Three people have been sentenced in the Gisborne District Court today for wilfully ill-treating and neglecting horses and cattle in their care.
Rua, Teresa, and Matthew Brown had a range of sentences imposed today, including an order to de-stock their property within the next 14 days.
The Ministry for Primary Industries (MPI) laid a range of charges against the Browns under the Animal Welfare Act 1999 for neglecting animals in their care.
An investigation into the Browns' farm ran from late June to late August 2009. Investigators found thin and starving cattle and horses, and no signs of adequate available feed or proper management of the animals.
Today, Rua Brown was sentenced to three months community detention on each charge, and banned from owning or exercising control over horses, cattle, sheep or pigs for the next ten years.
While Teresa Brown was sentenced to 250 hours community work and was banned from owning or exercising control over horses, cattle, sheep or pigs for ten years.
Similarly, Judge Aitken sentenced Matthew Brown to five months home detention and banned from owning or exercising control over horses, cattle, sheep or pigs for the next 15 years.
According to the MPI, the Brown family was given instructions on a number of occasions to provide adequate feed for the animals or de-stock to a more manageable number.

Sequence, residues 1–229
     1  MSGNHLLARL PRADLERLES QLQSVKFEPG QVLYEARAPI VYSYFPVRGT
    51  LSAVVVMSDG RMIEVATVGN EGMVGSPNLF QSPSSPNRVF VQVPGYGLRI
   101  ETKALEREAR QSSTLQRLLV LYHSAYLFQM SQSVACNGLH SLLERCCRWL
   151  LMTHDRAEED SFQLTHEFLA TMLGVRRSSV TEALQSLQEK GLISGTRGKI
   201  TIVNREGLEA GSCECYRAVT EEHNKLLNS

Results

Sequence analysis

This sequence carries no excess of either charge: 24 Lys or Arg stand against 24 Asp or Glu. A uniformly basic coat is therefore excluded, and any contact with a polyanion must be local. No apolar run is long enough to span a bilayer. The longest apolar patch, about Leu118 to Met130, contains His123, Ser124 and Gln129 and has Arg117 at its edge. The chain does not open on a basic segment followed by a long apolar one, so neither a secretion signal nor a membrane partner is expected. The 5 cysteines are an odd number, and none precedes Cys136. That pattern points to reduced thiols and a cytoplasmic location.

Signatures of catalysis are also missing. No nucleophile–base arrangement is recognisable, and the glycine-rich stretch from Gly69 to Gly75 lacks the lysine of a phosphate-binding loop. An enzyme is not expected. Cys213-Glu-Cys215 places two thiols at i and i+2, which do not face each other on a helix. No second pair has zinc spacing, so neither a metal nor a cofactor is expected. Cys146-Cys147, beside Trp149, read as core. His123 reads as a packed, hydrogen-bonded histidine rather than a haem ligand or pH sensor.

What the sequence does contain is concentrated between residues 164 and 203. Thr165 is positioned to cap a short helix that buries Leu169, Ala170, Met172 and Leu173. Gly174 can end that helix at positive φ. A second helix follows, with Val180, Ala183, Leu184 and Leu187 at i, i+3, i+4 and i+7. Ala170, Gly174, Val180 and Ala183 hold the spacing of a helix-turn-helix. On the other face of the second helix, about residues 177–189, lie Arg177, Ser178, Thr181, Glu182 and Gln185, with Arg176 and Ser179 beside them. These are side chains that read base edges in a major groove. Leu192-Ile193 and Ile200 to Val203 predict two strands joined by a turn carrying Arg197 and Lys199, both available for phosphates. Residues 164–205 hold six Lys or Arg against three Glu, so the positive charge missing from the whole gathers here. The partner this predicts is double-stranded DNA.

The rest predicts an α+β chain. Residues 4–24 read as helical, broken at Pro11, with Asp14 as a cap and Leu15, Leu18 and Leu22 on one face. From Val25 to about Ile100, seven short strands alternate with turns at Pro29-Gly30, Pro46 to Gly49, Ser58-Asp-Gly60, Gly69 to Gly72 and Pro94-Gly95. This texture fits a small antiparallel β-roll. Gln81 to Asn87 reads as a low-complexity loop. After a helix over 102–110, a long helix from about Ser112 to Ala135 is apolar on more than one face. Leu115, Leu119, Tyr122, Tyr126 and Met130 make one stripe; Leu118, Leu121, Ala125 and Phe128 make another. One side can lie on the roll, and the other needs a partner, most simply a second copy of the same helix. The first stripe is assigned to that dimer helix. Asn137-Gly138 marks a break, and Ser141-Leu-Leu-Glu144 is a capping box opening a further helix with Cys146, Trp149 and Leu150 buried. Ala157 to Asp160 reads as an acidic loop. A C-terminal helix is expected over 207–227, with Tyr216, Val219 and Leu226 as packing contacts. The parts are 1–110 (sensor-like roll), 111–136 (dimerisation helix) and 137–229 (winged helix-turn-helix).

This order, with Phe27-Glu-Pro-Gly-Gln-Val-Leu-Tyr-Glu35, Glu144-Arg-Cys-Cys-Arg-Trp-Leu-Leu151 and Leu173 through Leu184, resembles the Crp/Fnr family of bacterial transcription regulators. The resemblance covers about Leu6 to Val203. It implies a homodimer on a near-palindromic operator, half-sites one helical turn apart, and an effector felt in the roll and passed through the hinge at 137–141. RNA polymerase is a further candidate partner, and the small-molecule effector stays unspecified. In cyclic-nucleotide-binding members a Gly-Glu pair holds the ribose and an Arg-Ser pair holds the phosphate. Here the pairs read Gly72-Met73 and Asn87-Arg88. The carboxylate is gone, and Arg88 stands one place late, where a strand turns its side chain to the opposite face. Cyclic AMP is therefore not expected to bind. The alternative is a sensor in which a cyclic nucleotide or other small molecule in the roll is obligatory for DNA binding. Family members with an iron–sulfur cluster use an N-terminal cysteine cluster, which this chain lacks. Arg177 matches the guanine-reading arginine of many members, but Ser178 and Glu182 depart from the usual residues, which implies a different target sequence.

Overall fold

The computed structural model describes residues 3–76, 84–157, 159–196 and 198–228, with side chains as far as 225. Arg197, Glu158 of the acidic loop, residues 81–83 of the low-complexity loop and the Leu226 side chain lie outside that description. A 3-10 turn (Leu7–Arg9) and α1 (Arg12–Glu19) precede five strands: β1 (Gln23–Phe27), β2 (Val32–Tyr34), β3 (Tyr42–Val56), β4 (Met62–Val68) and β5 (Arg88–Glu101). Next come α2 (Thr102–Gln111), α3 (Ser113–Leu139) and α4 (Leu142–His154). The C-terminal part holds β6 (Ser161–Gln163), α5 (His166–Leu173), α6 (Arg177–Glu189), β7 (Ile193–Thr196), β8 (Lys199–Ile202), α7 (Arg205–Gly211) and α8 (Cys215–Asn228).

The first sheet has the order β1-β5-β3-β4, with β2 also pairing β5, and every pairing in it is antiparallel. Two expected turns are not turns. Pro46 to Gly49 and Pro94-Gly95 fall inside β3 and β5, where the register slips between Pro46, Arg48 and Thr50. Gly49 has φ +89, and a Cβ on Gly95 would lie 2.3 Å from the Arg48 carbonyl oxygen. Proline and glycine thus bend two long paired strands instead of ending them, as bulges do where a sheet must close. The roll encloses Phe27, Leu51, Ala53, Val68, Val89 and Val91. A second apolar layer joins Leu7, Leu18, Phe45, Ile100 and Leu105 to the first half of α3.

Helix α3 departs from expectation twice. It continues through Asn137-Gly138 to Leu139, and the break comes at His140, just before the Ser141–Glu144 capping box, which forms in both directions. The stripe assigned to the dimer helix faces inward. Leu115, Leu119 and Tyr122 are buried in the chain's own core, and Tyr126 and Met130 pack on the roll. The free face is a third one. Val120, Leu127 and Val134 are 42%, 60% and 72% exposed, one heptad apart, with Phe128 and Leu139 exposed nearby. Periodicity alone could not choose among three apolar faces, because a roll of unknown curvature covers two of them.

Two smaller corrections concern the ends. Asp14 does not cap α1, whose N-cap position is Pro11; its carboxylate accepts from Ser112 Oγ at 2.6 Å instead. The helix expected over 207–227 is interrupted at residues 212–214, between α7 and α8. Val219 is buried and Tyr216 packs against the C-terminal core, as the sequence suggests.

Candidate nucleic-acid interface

"These instructions were ignored which lead to seven of the twenty-two horses on the farm being humanely euthanised because of their poor body condition and the distressing state they were in," the Ministry said.
The trio have also been ordered to pay equal shares in veterinary costs totalling $2766.
MPI Regional Districts Compliance Manager, Ross Thurston said that it was disappointing that people did not take their animal welfare responsibilities seriously.
"Every farmer and farm worker has a duty of care to provide animals with the core basics - food, water, shelter where necessary, medical care, and freedom from pain and suffering. The humane treatment of animals is vital to animal husbandry," said Thurston.
Under the Animal Welfare Act 1999 the ill treatment of animals carries penalties of up to of six months' imprisonment and a maximum fine of $25,000.
Disqualification from owning or exercising authority over animals is also a possible penalty.